Cystic fibrosis (CF) is an inherited and chronic disease related to a defect in the cystic fibrosis transmembrane conductance regulator (CFTR) gene. Patients produce an abnormally high amount of sticky and thick mucus that accumulates around the organs, including the lungs, making it difficult for patients to properly breathe and more likely to develop infections.
Symptoms are different in each patient, but tend to include persistent coughing, wheezing, breathlessness, exercise intolerance, repeated lung infections, inflamed nasal passages or a stuffy nose, foul-smelling and greasy stools, poor weight gain and growth, intestinal blockage, and severe constipation.
However, in addition to the physical symptoms, patients, family, friends and caregivers face an emotional burden associated with the disease. As a progressive disease, cystic fibrosis can involve a stressful routine of symptoms and treatments. The CF community may face numerous psychological and social problems due to the demands of the disease, which need to be addressed with as much importance as its physical burden.
Emotional Wellness of Children or Adolescent CF Patients
The lives of children diagnosed with cystic fibrosis can be very different from those of healthy children, with great demands regarding feeding, treatments, and regular procedures like blood tests and cough swabs. Behavioral challenges are often accompanied by feeling different than kids their own age.
“However, feelings of being different are understandable, perhaps inevitable, especially in the school environment. As well as having a different diet and an awkward treatment regime, children with cystic fibrosis are often smaller and thinner than their peers, which can give rise to bullying,” explains the Cystic Fibrosis Trust.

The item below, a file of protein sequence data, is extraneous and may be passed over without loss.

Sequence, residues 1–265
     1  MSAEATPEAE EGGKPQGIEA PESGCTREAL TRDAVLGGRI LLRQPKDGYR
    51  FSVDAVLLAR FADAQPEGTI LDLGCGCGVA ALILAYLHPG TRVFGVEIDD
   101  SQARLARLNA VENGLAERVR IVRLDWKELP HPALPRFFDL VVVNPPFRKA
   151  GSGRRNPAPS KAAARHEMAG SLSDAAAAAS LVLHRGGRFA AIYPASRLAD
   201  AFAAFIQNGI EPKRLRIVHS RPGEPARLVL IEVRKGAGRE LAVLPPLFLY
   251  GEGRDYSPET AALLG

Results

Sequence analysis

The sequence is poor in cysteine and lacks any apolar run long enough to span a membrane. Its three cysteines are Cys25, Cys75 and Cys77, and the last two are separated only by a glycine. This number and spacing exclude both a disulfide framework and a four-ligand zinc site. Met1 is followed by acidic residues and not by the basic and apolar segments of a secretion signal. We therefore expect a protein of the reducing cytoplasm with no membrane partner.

The impact of body image stereotypes may be a problem for patients growing up with the disease. Puberty and the onset of menstruation may be delayed a year or two. As patients grow into teenagers, a feeling of frustration may arise from the responsibility of taking care of their treatments. Patients may need to skip school at certain times given the higher incidence of infections and disease, and it is also common for pediatric patients to feel anxiety, insecurity, or depression due to the lack of control of certain aspects of their lives. In addition, it is important that caregivers pay special attention to patients who might neglect their treatments as a way of not feeling so different.
Emotional Wellness of Adult Patients with Cystic Fibrosis
“Increasing numbers of cystic fibrosis (CF) patients are surviving into adulthood. An understanding of the psychiatric and psychosocial aspects of CF in adults and adolescents is therefore more important than ever,” write the authors of the study, “The psychosocial and psychiatric side of cystic fibrosis in adolescents and adults.”